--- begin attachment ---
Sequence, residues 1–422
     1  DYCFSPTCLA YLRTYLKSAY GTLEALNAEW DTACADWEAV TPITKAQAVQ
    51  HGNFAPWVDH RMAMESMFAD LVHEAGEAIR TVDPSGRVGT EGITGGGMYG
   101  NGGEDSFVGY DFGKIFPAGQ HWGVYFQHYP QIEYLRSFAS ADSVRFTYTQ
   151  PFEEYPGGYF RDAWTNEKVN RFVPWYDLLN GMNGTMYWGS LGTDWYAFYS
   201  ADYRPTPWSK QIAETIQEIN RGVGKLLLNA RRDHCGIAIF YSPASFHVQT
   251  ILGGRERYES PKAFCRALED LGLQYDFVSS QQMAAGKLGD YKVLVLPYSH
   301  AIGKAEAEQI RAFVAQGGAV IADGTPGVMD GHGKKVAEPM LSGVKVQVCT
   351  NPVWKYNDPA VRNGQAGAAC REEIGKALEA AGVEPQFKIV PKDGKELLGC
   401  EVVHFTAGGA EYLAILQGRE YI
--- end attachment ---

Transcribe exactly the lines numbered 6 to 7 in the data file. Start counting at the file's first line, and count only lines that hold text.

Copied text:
   201  ADYRPTPWSK QIAETIQEIN RGVGKLLLNA RRDHCGIAIF YSPASFHVQT
   251  ILGGRERYES PKAFCRALED LGLQYDFVSS QQMAAGKLGD YKVLVLPYSH